Ireland needs Marxism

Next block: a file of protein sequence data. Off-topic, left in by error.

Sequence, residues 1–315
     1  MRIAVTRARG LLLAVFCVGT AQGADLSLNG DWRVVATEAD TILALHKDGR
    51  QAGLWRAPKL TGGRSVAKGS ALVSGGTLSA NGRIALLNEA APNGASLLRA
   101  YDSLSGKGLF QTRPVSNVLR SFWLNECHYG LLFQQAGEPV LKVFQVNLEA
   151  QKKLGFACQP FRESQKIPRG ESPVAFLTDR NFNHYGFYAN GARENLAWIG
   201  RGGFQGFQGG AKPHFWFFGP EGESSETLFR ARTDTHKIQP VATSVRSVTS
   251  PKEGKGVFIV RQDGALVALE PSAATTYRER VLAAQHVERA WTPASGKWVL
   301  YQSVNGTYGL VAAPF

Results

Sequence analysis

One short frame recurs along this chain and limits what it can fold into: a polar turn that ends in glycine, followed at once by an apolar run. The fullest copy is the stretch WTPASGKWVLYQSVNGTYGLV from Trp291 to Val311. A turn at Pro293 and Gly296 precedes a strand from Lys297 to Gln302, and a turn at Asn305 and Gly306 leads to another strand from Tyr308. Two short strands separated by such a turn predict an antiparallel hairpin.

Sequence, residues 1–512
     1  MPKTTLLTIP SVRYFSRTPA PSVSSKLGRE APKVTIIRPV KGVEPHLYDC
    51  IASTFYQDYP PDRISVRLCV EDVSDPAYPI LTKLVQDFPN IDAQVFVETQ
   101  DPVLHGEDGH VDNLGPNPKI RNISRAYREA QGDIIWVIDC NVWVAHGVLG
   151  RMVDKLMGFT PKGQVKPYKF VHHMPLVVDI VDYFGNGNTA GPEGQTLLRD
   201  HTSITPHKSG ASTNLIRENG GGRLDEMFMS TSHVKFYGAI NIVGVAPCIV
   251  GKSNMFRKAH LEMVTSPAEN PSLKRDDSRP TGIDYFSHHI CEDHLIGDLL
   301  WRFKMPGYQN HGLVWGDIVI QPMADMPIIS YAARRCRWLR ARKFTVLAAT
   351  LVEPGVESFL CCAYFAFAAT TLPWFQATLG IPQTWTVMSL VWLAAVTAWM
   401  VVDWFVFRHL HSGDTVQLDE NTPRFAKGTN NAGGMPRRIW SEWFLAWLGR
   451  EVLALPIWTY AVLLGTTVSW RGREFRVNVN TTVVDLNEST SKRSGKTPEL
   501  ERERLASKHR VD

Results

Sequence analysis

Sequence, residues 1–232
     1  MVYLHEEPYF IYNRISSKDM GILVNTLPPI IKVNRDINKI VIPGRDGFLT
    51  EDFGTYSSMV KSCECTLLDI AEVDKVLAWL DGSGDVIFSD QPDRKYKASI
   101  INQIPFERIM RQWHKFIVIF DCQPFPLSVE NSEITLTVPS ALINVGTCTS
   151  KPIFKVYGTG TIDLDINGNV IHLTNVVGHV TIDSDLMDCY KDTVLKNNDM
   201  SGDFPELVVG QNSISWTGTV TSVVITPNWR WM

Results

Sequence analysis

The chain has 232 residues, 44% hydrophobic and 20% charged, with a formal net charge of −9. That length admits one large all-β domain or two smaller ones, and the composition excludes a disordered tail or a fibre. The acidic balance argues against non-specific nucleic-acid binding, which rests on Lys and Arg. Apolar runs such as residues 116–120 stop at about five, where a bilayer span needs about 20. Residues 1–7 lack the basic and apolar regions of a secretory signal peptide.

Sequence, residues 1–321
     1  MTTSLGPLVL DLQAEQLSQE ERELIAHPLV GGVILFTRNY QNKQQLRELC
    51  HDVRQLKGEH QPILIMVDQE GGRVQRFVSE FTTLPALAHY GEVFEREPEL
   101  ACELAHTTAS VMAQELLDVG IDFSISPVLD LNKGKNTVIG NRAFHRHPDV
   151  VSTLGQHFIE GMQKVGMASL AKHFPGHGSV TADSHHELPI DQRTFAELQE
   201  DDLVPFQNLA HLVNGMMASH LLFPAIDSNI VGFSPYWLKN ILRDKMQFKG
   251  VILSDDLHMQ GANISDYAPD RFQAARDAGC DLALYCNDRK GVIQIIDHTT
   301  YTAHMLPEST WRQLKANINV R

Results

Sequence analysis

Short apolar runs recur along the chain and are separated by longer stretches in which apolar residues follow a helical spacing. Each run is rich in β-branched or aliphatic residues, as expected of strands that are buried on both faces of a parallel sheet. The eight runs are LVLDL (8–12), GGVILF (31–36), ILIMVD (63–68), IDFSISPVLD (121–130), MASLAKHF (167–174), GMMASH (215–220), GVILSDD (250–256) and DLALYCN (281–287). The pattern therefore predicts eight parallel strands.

What is so unusual about Irish republicans laying down their arms? Nothing whatsoever. In fact Irish 20th century history is replete with numerous examples of just that. Those who once took up arms against the British or free state rulers have frequently ended up abandoning the revolutionary struggle, seduced by the allure of the bourgeois mainstream. Certainly that is what Gerry Adams and Martin McGuinness have in mind. With Sinn Féin already the main republican/nationalist party in the north and steadily increasing its proportion of votes in the south, Adams and McGuinness have rather bigger ambitions than some ministry in the Six County statelet. They aim to transform Sinn Féin into a dominant all-Ireland constitutional party - if not the dominant party. What is different about the current peace process is that never before have arms been handed over to the powers-that-be. Usually they have simply been left to rust. Of course, the unionists and rightwing media complain that it is not happening quickly enough, and that Sinn Féin/IRA do not really mean what they say, but the fact is that, however symbolically, weapons have been "put beyond use", as verified by the Independent International Commission on Decommissioning (IICD). In fact September 11 2001 has made it virtually impossible for a petty bourgeois movement like the IRA to continue its war - to do so against the backdrop of the 'war on terror' would be to cut oneself off from many areas of traditional support, not least in the USA. So the deal that was signed on Good Friday 1998 can now be seen even more clearly as a turning point - there is no going back to the armed struggle. The IRA statement of July 28 reflects this. While still containing several areas of ambiguity, it is more explicit than any previous declaration. "All IRA units have been ordered to dump arms," it reads. Volunteers must "assist the development of purely political and democratic programmes through exclusively peaceful means" and "must not engage in any other activities whatsoever". Units must "engage with" the IICD to "complete the process to verifiably put its arms beyond use "¦ as quickly as possible". Although Sinn Féin has helped to run the Six Counties, and intends to continue doing so, thus recognising its legitimacy, one thing it is still insisting upon is that it will not directly support its armed bodies of men in the shape of the Police Service of Northern Ireland. When SF spokespersons are pressed on the question, they attempt to skirt around the difficulties by saying that they 'understand' individuals who feel they need to report crime to the police, but they themselves do not regard the current policing arrangements as acceptable. This leaves it in something of a quandary, which is hinted at by the IRA. Its statement notes, almost as an aside: "The issue of the defence of nationalist and republican communities has been raised with us." This is an issue of no little importance. There are, after all, probably thousands of illegal arms in the hands of the various loyalist paramilitary groups (a question that is considered by the British establishment as secondary when compared to IRA weaponry), which have in the past demonstrated that they have no compunction in using them to carry out often random murderous assaults on catholics. And state forces - both those of Northern Ireland and the UK itself have been responsible in the past for brutal attacks on working class republican areas. Thus the IRA statement, having informed us that this whole question has been "raised", goes on cryptically: "There is a responsibility on society to ensure that there is no reoccurrence of the pogroms of 1969 and the early 1970s." Some commentators have interpreted this to mean that, since the IRA believes that official "society" cannot be trusted to do so, it will be forced to retain some arms itself. In this connection great play has been made about the absence of the word 'all' in the IRA's commitment to "put its arms beyond use". Tony Blair and Bertie Ahern may say in their joint response to the IRA statement: "It is more important than ever that progress is made in extending support across all sections of the community for the new policing arrangements throughout Northern Ireland" (July 28). But this is easier said than done, for reasons explained by that viciously anti-republican Irish Times columnist, Kevin Myers: "When the old RUC, aided by loyalist gangs, began its incursions into nationalist areas of Belfast in 1969, the IRA was helpless to resist. Many hundreds of catholic homes were burnt down and thousands of catholics fled. The graffiti that appeared in nationalist areas read, 'IRA = I Ran Away'. "The Provisional IRA resulted from that calamity. Deep in its DNA is this core value: it will not allow nationalist/republican areas of Belfast ever, ever, to go unarmed. The IRA leadership would no more countenance a disbandment of its capacity to 'defend' such areas than the British army would announce that henceforth it would no longer defend the realm. "No doubt many might think such comparisons ridiculous. But if the IRA were simply a sweet and reasonable organisation, we would not have had 36 years of strife" (The Daily Telegraph July 30). Others might think it would hardly be "sweet and reasonable" to trust the PSNI any more than the Royal Ulster Constabulary before it. From the point of view of working class republicans, it would be extremely foolhardy not to retain some weaponry for defensive purposes - especially when you consider that only last week feuding elements of the Ulster Volunteer Force were showing that they still have the capacity to assassinate and brutalise their opponents. In any case, for all the talk about 'verification', no-one can ever be sure that all IRA arms have been 'decommissioned'. Apparently its arsenal includes "three tons of Semtex, 588 AKM assault rifles and 17 DShK heavy-duty machine guns", if you believe British intelligence. But if they know so much detail, you might ask, then how come state forces have never been able to locate, let alone seize, such a haul? In the end everybody will have to take the IRA's word for it. However, IRA decommissioning is not the central question. Sinn Féin/IRA have demonstrated beyond reasonable doubt over the last seven years and more that they have no intention of halting their transformation into a constitutional force - the gains have been too great for such a reversal to be contemplated. So does this statement represent the final act of "surrender", as alleged by The Sun (July 28)? In my opinion this is just as absurd as Ian Paisley's claim that the dismantling of army surveillance towers and lookout posts, which began the following day, was "surrendering to the IRA". Paisley's Democratic Unionist Party is also enraged by the fact that troops stationed in Northern Ireland are to be cut by more than half, to 5,000, by 2007. The hated Royal Irish Regiment, formed largely from the Ulster Defence Regiment (UDR), is to go. In 1970 the UDR replaced the 'B specials' - a force which was overwhelmingly protestant and worked hand in glove with loyalist terror gangs. But the DUP ludicrously suggests that the "people of Ulster" will now be unprotected, should the IRA decide to resume its armed struggle (which, of course, it will not). In fact the state remains armed to the teeth - there is no requirement on the British army to decommission its weapons of suppression. However, it is ludicrous to talk about "surrender" - the IRA has clearly not been defeated. It is also missing the point to say that Adams has sold out. Yes, he has turned his back on the revolutionary republican tradition. But his socialism was always national, always fake. Sinn Féin/IRA were never principled working class partisans. Rather, however heroically they fought the British occupation, they are nationalists following a petty bourgeois programme. No-one should be surprised when such people discard the Armalite in favour of constitutionalism - there is nothing innately revolutionary about their nationalism. For nearly three decades Britain was unable to rule the Six Counties in the old way and the nationalist masses refused to be ruled in the old way. But the historic compromise reached between the British state and republicanism ended the revolutionary situation. It is therefore foolhardy to demand, or imply, that the only principled way to fight the British, even now, is through the bullet. Of course, we communists favour an armed people - even if at this time we are limited to making propaganda. But armed struggle is merely one tactic open to us - we are equally prepared to contest elections (even to the assembly of a gerrymandered, illegitimate statelet). What is paramount is not this or that tactic, but the programme we fight under. And programme is what is desperately lacking amongst Irish revolutionaries. True, they all call for unity, independence and democracy for Ireland, but that is about as far as it goes. We are for the immediate and unconditional withdrawal of the British state and British troops from Northern Ireland. There must be a freely elected, all-Ireland constitutional assembly, whereby the Irish people can decide their own future without Blair setting the agenda. We advocate and fight for the fullest democracy. That means a federal Ireland with self-governing autonomy, up to and including the right to separate, for the British-Irish minority. There can be no right of present-day Northern Ireland to self-determination. The six-county statelet was founded in 1921 on the cynical basis of permanently institutionalising the oppression of the catholic-nationalist minority. We do not, and cannot, support the right of the British-Irish majority in the north to oppress the catholic-nationalist minority. But the British-Irish, as a historically constituted people, must be won voluntarily to Irish unity -and this can best be achieved through a federal solution, whereby the area containing a clear British-Irish majority (one county and four half-counties) has the right of self-determination up to and including secession. In the early 1970s Sinn Féin adopted a programme, Eire Nua, which advocated a "federal Ireland". But this ignored the living cultural/ethnic divisions, and instead sought to revive the "four historic provinces" - Connacht, Munster, Leinster and a nine-county Ulster. This singularly failed to address the objective British-Irish question in a democratic manner. Comrade Liam O Ruairc has contributed some very useful articles to the Weekly Worker in recent months, detailing Sinn Féin's turn to constitutionalism. He correctly states: "What fundamentally distinguishes Irish republicanism from Irish nationalism is that it is not simply about desiring independence from Britain, but that it is intrinsically connected to establishing democracy in Ireland. The national question is part of what Marx and Engels "¦ called the process of 'winning the battle for democracy'" (Weekly Worker June 2). But the revolutionary socialist republicanism that the comrade espouses is lacking in one respect: it fails to embrace anything approaching a programme to win over the British-Irish population - perhaps, like so many others, comrade O Ruairc would dismiss the notion of the necessary voluntary unity as legitimising a "unionist veto", although it is nothing of the sort. However, the absence of such a programme amongst Irish revolutionaries is merely a symptom of a larger failing. Comrade O Ruairc is a supporter of the "Irish Republican Socialist Movement" - a term usually employed to refer collectively to the Irish Republican Socialist Party and its armed wing, the Irish National Liberation Army. He states that the IRSM is "well placed" and has "the necessary credibility" to renew "the republican and socialist projects" (ibid). Yet on December 5 1998 the IRSP overwhelming voted at its conference to abandon the only genuine basis for working class emancipation. It ditched its 1984 commitment to Marxism and the building of a Communist Party (described as "premature"). This is how John Bridge, a fraternal visitor from the CPGB, reported the proceedings: "Gerry Ruddy, political secretary and de facto main spokesperson, questioned the relevance of Marxism to the 21st century and in a coup de grà¢ce tellingly asked who had actually read Marx recently. Not one of the 100 or so delegates raised a hand. In a keynote speech comrade Ruddy explained that what he understood by republican socialism was a national socialism. His vision was of a 32-county state where the workers would receive back the full fruits of their labour" (Weekly Worker January 7 1999 - comrade Ruddy is, by the way, one of the comrades listed by comrade O Ruairc to whom the arguments developed in his June 2 Weekly Worker article "owe a lot"). IRSP comrades may slate Sinn Féin for implicitly recognising the state's right to police nationalist areas in Northern Ireland, but at their December 1998 ard fheis they advocated a "community policing and justice service" to be jointly financed by the British and Irish states - a position not dissimilar to that of SF. This acceptable police force would be "unarmed" except when "dealing with dangerous situations" (riots, no-go areas, paramilitaries, violent strikes and demonstrations?). The truth is, without the compass of Marxism any socialist grouping will be all at sea. The IRSP is no exception. Apart from one brief period in the 1980s, it has always tended to position itself as the left critic of Sinn Féin - and when SF moves to the right, so will the IRSP in all likelihood. Despite what comrade O Ruairc says about the difference between nationalism and republicanism, the IRSP is first and foremost a left nationalist formation. But he is right about one thing: "no serious revolutionary movement or process can be built in Ireland outside or apart from the republican tradition" (Weekly Worker June 2). Specifically it cannot be built apart from the element that is working class and socialist. The heroic tradition of Seamus Costello, Ronnie Bunting, Patsy O'Hara and Ta Power can and must be positively integrated into the communism of the 21st century. Peter Manson